Environment Secretary, Michael Gove, has announced plans to increase maximum sentences for cruelty to animals in England from six months to five years. Having more punitive sentences at their disposal will, according to DEFRA, allow the courts to better deal with extremely shocking cases of animal cruelty.
The announcement has been welcomed by animal protection charities, including Battersea Dogs & Cats Home, which launched a campaign to increase sentences to five years earlier this year. David Bowles, head of public affairs at the RSPCA, said:
“The strength of feeling behind a move to toughen up these sentences is huge – but at the moment the courts are limited by the law under which the strongest sentence for animal cruelty is six months’ imprisonment and an unlimited fine – but this rarely happens.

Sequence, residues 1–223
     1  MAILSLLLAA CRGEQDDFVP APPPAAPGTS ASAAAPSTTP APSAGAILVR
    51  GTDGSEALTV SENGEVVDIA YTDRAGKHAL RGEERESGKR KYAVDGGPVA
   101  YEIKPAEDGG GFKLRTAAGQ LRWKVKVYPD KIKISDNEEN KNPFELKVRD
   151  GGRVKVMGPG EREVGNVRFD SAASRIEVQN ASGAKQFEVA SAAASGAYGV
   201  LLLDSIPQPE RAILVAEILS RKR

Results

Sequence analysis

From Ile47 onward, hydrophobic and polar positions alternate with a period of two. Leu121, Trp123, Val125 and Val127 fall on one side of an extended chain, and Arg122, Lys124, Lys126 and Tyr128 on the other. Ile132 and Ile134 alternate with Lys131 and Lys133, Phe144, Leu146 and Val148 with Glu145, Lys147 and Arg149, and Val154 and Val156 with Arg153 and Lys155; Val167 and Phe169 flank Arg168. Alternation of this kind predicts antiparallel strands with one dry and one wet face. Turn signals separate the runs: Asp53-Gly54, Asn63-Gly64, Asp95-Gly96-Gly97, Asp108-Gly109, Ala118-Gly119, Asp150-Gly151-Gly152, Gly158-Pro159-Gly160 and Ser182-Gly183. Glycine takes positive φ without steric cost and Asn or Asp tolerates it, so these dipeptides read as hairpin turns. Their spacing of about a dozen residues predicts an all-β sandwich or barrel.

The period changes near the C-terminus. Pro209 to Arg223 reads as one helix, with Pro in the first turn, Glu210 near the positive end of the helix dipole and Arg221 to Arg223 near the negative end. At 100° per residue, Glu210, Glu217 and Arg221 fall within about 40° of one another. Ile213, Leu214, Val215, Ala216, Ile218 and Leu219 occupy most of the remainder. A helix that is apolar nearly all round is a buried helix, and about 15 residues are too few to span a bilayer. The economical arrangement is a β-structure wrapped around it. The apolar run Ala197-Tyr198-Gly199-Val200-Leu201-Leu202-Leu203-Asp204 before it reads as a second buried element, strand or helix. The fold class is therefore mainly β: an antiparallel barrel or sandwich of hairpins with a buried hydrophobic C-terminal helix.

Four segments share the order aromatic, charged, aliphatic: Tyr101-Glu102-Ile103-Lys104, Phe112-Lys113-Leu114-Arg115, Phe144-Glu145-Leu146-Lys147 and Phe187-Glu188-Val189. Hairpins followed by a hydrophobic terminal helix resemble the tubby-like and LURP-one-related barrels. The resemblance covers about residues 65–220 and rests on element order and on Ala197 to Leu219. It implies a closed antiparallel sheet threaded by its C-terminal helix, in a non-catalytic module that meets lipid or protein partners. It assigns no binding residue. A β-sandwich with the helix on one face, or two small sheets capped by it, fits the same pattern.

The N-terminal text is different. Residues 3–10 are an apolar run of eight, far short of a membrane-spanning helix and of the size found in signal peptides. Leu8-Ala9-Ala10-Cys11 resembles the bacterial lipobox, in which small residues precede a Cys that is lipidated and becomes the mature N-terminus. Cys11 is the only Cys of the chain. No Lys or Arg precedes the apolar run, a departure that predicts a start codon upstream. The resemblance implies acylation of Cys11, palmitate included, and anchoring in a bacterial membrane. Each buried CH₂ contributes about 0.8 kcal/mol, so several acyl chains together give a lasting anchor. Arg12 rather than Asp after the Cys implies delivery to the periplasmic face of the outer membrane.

“Michael Gove’s promise to bring sentences in line with Northern Ireland – which has a maximum of five years imprisonment – should help to deter people from abusing and neglecting animals and will finally mean that the sentence fits the crime.”
It is expected that legislation which will bring the increase into effect will be introduced at the start of next year.